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Tag Archives: The Independent

Anna Atkins – photographer

Anna Atkins was an English botanist and photographer. She is often considered the first person to publish a book illustrated with photographic images. Some sources claim that she was the first woman to create a photograph. No I hadn’t heard of her before today either, Google decided to use it’s doodle to tell us about her.

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The Independent picked up on this and here is what they say

Today marks the birthday of Anna Atkins, a British botanist whose use of cyanotypes – or ‘sunprints’ – of plants and algae in botanical studies paved the way for the use of photography in scientific publishing.

Now versions of her beautiful photographic images are being used as a Google doodle to celebrate the 216th anniversary of her birth, in 1799. The delicate leaves used to spell out the name of the search engine are slate blue against a darker blue background. This is due to the cyanotype process, which involves the exposure of a mix of ammonium iron citrate and potassium ferricyanide to ultraviolet light, leaving the paper so-called Prussian blue.

In fact, the word ‘blueprint’ comes from the same process, which had previously been used to reproduce architectural drawings and designs. Atkins’ claim to fame rests on her realisation that the photographic process could be used to give accurate and detailed botanical images, thus advancing the possibility of scientific illustration. She did this by placing leaves directly on the paper for the length of the exposure, which makes these, strictly speaking, photograms, rather than photographs.

Ann Atkins' use of cyanotypes in botanical books was a first for scientific publishing, and for photographyAnn Atkins’ use of cyanotypes in botanical books was a first for scientific publishing, and for photography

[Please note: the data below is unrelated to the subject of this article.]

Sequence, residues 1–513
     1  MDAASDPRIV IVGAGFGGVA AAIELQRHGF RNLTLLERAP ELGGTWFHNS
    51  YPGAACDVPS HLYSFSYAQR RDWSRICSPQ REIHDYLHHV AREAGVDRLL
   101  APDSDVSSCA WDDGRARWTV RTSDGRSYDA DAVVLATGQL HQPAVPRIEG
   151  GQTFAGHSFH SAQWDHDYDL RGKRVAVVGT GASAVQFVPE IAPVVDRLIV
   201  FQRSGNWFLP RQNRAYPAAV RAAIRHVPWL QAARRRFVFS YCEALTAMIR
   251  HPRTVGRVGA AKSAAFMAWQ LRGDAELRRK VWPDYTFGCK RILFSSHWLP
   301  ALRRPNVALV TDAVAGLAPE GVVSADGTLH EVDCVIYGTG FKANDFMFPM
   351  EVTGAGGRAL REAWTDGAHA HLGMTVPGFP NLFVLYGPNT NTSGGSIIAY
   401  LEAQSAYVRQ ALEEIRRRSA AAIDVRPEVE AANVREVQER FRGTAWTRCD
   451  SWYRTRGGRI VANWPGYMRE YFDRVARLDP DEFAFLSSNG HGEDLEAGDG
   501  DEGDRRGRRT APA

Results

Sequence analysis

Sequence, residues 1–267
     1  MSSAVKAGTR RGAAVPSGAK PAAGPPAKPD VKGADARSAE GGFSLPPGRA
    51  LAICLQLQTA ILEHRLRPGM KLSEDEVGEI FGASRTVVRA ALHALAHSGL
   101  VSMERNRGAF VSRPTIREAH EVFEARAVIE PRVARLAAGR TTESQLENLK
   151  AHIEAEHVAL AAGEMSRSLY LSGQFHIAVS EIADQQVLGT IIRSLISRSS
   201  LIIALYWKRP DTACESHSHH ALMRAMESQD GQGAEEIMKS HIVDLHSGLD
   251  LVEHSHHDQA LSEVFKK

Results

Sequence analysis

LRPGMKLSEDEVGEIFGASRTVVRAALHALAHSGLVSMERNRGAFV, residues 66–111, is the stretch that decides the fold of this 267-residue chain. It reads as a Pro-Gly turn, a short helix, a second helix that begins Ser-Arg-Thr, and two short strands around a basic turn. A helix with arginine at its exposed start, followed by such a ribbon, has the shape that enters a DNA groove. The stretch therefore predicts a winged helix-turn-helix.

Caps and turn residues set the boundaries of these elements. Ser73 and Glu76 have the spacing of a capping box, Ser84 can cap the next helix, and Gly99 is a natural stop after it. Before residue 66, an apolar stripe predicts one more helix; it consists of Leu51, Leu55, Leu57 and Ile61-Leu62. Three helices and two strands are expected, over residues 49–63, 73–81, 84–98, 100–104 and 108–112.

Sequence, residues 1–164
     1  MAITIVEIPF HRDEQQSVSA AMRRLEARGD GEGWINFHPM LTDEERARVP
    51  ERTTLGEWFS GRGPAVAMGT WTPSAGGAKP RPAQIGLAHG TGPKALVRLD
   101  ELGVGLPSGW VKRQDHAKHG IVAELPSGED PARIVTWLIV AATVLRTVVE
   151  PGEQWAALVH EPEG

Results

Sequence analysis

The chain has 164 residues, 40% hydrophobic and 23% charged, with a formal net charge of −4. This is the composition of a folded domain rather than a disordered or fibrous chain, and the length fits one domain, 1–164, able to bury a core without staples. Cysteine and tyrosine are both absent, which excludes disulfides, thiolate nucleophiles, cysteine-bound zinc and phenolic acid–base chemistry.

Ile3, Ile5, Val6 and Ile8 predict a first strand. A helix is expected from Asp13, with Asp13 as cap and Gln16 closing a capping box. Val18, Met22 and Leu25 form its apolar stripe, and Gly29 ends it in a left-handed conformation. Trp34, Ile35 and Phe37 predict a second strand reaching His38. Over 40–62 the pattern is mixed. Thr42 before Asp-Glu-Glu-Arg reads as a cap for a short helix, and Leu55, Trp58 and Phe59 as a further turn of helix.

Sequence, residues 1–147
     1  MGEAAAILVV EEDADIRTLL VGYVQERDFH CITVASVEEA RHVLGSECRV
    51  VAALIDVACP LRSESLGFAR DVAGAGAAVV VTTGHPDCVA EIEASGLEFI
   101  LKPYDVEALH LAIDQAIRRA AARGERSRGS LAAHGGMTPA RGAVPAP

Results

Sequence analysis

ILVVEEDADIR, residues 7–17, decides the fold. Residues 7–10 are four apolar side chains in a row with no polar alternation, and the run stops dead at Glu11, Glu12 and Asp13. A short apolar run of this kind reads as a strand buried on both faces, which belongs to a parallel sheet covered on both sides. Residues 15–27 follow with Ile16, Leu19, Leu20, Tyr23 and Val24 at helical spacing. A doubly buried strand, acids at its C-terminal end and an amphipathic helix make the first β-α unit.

However, Atkins’ first book using the technique didn’t show leaves such as those we see in today’s Google Doodle. Instead this was Photographs of British Algae, in 1843, a privately published collection with handwritten captions to the individually produced cyanotypes.

It was her mentor – and the inventor of the cyanotype process – English astronomer Sir John Herschel, who produced the first commercially published book illustrated with photographs, The Pencil of Nature, in 1844.




Google Photography Prize winner – Viktor Johansson

I must use google 20 or 30 times a day and although I am there more than I am at home I had never heard of the google photography prize until it announced a winner.

Grand Prize – Viktor Johansson

“Viktor is a 24-year-old student at the Swedish photography school, Nordens Fotoskola Biskops-Arnö. The judges were impressed and captivated with his series that focused on Christoffer Eskilsson, Sweden’s best male diver from 10 metres. Viktor has chosen to show us an alternative view, one that we are not used to seeing from sport photography in the media. Instead of glamorous action shots of an athlete in competition, he has produced arresting and unexpected photographs that focus on the long, lonely hours of repetitive training and practice that it takes to excel in your field.”